I had a modest goal for Earth Hour. As my pupils cosied up to a flickering candle, I began my Earth Hour ready to speed-read all of Ghandi’s autobiography. 528 pages in 60 minutes. An inspirational moment requires inspirational reading. But when I scanned my street Saturday night, dozens of hamsters were asleep at the wheel. Their damn windows were lighting up the block. After screaming “Bloody Virtue,” I took stock of the situation. Was I expecting too much?
Can I expect every individual to give up important rituals like Hockey Night in Canada, web-surfing or microwaving a piece of bread for an entire hour? That’s a helluva long time. It’s unrealistic. It’s also unfair. Maybe someone had a good reason to microwave their bread. Perhaps it was a granny who lived through the war, going years without any creature comforts and now the microwave is all that keeps her from deep sadness. But I don’t want to save the planet alone. Earth Hour is about being united. I want to do it together. If I’m doing this alone I’d only want to brag and bragging is not my style. I’ve never bragged, ever. Okay, only six times.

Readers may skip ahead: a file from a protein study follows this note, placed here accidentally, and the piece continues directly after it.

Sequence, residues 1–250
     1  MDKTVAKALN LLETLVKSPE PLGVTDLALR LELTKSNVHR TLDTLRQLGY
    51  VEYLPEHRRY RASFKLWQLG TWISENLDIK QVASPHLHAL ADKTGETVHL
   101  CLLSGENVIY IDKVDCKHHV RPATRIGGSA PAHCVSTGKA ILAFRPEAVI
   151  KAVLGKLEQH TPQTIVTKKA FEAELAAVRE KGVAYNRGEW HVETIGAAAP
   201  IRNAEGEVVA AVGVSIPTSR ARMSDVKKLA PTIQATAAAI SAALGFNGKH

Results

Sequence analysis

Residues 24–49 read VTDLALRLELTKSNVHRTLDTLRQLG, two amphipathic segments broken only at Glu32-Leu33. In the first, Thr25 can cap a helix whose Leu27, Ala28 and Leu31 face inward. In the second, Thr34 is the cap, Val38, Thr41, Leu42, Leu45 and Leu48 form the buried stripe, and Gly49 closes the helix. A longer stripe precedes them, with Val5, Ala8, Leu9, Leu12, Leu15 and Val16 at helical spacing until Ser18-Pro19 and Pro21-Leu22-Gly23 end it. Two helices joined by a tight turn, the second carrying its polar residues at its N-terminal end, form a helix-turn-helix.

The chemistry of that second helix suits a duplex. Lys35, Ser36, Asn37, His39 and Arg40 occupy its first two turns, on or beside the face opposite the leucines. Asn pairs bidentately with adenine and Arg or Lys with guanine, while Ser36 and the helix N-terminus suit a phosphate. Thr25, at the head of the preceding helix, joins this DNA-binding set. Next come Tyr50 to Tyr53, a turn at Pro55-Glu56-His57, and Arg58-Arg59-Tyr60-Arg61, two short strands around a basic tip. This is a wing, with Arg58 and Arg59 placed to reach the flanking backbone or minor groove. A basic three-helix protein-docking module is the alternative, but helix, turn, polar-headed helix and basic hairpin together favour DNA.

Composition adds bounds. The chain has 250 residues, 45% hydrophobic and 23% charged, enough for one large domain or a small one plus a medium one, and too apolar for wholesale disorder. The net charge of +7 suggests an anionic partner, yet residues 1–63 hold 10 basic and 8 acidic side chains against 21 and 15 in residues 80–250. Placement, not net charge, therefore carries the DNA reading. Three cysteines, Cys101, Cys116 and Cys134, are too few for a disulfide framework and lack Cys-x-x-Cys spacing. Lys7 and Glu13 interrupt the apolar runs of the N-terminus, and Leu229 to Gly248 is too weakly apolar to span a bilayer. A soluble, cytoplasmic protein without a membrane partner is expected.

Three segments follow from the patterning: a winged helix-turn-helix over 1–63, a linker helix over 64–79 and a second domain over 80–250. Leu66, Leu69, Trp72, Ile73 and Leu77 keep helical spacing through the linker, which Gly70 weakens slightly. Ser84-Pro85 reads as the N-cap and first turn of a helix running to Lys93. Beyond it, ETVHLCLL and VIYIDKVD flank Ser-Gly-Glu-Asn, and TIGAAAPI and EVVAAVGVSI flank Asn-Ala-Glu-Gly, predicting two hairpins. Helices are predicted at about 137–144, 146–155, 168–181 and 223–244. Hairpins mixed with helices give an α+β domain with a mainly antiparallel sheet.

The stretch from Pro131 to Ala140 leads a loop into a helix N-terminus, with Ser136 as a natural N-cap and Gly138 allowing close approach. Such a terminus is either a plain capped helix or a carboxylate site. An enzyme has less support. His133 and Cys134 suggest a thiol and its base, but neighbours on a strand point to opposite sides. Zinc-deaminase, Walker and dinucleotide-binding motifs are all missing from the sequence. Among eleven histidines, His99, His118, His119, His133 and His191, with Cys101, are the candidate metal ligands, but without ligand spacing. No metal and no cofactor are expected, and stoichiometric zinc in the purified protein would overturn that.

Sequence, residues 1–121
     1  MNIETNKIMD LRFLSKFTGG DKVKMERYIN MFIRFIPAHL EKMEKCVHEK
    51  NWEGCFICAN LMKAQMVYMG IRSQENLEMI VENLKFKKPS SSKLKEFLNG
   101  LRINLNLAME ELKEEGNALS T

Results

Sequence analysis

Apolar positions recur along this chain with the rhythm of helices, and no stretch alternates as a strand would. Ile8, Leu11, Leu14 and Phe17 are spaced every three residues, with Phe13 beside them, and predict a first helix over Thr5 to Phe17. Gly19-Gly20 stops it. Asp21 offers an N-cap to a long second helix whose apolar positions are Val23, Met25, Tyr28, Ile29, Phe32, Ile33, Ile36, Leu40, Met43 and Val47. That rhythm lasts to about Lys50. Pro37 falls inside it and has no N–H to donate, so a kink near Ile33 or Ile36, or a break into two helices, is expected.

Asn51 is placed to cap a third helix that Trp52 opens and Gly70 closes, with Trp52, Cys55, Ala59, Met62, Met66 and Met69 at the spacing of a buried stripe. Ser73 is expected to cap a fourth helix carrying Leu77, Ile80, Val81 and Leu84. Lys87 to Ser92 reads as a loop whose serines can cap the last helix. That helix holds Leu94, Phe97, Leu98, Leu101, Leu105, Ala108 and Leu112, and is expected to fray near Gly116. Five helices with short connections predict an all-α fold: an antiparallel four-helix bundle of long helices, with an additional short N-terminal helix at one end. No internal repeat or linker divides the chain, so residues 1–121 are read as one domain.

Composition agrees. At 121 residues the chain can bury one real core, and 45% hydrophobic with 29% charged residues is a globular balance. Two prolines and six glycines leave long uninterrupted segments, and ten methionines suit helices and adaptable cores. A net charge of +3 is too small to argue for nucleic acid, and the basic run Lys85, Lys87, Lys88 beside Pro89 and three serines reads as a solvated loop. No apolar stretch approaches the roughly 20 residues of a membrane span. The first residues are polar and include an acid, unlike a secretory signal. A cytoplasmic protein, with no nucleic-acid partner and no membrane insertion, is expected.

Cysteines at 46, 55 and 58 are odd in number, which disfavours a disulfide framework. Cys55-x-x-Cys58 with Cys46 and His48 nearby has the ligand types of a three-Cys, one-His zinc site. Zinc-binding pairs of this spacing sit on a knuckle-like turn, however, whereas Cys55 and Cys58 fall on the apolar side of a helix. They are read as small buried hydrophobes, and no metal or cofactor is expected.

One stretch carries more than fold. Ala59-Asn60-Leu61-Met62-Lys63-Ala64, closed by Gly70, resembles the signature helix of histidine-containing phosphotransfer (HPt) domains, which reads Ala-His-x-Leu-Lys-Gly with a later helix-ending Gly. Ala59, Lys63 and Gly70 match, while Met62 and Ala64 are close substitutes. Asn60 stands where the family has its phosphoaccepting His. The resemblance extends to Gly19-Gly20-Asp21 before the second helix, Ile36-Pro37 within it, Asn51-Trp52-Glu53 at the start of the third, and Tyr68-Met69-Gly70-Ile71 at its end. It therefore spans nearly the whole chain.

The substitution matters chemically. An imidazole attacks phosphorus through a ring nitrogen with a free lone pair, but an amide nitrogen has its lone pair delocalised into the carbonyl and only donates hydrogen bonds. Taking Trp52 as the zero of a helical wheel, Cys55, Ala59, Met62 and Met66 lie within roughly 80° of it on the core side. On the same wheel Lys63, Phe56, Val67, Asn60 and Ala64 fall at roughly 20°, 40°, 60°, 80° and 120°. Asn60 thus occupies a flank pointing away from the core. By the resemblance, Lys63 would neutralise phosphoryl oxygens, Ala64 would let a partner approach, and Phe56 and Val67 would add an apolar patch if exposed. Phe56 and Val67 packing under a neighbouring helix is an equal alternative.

So I decided I was not going to read all of Ghandi’s autobiography. I was now going to read every other page. It was an awesome decision. I felt like one of the gang. I then skipped two pages at a time, then every three pages and as Ghandi’s journey became incoherent, I read every fifteenth page, leap-frogging to the end. I was done in 20 minutes (Solar-powered watch by candlelight). I smiled. I gazed into the flame of my still flickering candle, wax dripping down. Oh no! What would I do for the rest of Earth Hour? Reading was out, the last book I read was a drag. And then I remembered that one earth hour is only twenty minutes on Jupiter. Technically, I wasn’t on Jupiter but:
twenty Jupiter minutes = 1 Earth Hour,
all things being equal I had done my time
Einstein would agree that time is relative. So I turned on all my lights, microwaved some bread and went outside to join the party.